Global deaths related to the new strain of coronavirus have exceeded one million.
Confirmed cases of the virus are currently over 33,270,000 worldwide, according to the John Hopkins University of Medicine.
Around a fifth of the deaths were reported by the United States, which has a death toll of 205,031.
Brazil is in second place with a total of 142,058, India in third with 95,542 and Mexico in fourth with 76,430.
In the UK, the fifth country with the most deaths, the toll hit 42,090 on Monday.
The first death from the new virus was on January 9, a 61-year-old man from the Chinese city of Wuhan who regularly shopped at a damp market identified as the cause of the outbreak.
According to a Reuters list of official government reports, it took 91 days for the death toll to top 100,000 and another 16 days to reach 200,000.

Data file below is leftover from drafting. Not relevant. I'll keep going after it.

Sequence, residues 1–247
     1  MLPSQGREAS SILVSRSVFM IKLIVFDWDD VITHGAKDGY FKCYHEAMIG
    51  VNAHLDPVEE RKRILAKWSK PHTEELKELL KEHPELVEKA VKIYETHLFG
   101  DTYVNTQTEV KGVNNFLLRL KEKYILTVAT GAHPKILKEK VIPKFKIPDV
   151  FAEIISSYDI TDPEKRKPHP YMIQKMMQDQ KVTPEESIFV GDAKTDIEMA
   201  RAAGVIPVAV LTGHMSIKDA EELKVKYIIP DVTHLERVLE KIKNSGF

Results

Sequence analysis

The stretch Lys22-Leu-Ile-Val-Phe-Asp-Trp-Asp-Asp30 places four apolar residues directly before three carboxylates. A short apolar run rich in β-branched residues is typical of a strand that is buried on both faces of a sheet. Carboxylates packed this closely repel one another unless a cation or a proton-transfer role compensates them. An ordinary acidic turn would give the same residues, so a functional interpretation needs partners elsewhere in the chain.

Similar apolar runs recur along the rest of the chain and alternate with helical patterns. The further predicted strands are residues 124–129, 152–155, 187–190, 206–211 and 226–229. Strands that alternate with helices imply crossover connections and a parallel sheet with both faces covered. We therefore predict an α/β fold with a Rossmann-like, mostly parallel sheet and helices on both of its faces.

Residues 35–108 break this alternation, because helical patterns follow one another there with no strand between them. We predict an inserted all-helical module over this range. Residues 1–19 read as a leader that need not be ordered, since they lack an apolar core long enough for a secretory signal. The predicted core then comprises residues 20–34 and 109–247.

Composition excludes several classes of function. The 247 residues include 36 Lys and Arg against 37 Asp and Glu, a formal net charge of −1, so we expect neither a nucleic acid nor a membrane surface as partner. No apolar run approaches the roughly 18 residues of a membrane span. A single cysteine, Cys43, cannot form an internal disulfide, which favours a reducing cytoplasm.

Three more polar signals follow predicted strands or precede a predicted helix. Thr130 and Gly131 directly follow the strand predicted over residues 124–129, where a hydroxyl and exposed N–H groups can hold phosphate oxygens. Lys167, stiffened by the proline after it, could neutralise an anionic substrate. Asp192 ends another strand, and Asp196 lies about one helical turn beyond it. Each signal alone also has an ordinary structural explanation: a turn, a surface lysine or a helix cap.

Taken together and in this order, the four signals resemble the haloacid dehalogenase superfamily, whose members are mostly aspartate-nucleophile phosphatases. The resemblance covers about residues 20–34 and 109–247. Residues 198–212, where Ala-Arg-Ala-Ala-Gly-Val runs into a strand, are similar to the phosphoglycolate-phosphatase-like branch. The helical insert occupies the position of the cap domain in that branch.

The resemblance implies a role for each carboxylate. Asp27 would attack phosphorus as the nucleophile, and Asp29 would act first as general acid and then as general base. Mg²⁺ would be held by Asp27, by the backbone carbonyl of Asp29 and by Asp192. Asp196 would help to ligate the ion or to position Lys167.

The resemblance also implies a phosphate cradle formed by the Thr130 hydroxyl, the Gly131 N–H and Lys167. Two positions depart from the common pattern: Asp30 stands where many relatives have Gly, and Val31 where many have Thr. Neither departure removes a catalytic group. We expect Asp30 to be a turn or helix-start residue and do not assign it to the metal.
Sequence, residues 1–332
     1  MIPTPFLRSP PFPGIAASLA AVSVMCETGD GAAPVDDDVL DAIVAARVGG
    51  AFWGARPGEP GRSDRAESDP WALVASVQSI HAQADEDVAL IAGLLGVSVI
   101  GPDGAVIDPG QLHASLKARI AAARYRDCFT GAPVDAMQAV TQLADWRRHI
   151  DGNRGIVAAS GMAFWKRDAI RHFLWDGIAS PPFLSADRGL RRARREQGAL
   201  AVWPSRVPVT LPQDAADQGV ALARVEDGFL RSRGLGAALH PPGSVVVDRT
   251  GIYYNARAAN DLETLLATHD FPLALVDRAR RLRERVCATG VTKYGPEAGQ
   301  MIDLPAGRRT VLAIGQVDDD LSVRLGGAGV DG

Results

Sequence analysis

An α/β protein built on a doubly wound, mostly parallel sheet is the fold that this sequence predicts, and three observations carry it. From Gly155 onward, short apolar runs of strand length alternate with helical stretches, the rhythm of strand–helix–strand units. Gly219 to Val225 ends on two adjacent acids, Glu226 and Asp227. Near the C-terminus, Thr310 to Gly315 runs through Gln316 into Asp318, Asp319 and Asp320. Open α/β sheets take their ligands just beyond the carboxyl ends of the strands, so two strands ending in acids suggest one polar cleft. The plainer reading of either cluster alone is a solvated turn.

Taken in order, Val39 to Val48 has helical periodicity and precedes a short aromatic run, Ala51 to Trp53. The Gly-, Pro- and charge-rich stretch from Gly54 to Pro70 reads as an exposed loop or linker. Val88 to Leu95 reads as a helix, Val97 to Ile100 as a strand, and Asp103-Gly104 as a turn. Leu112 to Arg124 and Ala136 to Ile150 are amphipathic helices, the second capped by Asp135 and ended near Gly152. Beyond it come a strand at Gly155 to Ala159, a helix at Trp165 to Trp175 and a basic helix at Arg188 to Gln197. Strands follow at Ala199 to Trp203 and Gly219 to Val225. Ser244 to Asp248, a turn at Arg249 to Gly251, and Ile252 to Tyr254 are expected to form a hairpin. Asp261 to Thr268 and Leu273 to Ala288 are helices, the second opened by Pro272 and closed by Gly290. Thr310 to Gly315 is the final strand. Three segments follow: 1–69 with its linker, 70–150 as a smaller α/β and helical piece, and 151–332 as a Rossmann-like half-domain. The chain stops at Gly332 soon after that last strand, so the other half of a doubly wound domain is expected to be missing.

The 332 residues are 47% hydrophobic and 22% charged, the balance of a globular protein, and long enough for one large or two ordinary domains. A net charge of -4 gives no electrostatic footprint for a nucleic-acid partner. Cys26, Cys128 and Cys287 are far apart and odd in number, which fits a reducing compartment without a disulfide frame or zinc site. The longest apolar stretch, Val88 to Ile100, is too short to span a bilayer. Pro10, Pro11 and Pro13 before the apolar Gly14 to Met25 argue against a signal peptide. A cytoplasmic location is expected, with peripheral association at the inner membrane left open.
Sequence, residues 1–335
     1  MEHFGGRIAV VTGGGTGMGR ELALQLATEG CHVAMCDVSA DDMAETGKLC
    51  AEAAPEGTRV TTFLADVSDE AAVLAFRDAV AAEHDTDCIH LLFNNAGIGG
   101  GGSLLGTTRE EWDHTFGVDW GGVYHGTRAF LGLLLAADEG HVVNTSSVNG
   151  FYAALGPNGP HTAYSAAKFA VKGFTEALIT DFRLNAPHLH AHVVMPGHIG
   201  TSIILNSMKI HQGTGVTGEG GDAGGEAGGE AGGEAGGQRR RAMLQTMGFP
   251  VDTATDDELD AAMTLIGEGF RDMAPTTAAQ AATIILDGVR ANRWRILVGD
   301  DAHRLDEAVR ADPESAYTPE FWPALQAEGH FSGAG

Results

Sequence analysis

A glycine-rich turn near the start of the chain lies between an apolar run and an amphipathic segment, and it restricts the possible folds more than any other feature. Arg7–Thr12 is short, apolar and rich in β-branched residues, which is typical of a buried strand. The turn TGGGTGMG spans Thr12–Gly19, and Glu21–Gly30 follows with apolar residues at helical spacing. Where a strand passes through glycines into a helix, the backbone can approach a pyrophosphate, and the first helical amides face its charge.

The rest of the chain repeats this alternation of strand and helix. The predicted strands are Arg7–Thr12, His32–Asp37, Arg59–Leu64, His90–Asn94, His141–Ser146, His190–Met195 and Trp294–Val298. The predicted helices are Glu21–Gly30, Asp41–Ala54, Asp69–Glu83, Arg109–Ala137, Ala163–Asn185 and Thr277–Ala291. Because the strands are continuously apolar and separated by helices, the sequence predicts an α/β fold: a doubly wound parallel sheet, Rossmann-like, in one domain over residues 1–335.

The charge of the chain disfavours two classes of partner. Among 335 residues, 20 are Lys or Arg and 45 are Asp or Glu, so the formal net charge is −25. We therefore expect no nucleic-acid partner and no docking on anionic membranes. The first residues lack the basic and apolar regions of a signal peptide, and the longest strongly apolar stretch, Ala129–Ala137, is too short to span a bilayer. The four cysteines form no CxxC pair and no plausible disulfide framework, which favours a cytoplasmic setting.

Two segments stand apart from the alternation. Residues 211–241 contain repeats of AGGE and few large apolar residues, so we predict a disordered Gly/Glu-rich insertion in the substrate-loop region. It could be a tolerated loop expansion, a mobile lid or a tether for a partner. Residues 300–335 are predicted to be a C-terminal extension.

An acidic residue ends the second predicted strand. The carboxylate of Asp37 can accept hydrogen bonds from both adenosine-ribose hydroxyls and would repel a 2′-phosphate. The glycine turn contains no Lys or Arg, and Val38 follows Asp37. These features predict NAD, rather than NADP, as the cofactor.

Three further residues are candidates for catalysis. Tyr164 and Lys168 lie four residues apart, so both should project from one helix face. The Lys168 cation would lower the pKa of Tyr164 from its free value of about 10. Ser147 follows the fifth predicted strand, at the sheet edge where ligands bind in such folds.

It then exceeded half a million people at the end of June, a grim milestone as the pandemic appears to be in its second wave in some countries.
The respiratory disease caused by the new coronavirus has been particularly dangerous for the elderly, although other adults and children are among the deaths and reported cases as well.
In just five months from January, the death toll from Covid-19 overtook the number of people who die annually from malaria, one of the deadliest infectious diseases.
In the UK, panic buying continued on Sunday as supermarket rationing increased to prevent shelves from being cleared like the start of the pandemic.
While the UK could avoid another full lockdown by making everyone over 45, scholars advising the government have said.
And Professor Mark Woolhouse, a top expert advising the government, warned that a third wave of Covid-19 was “quite possible”.
Ministers are under increasing pressure to review the 10pm “hard” curfew in pubs, bars and restaurants, and criticize that the new rules are causing night owls to fill the streets en masse.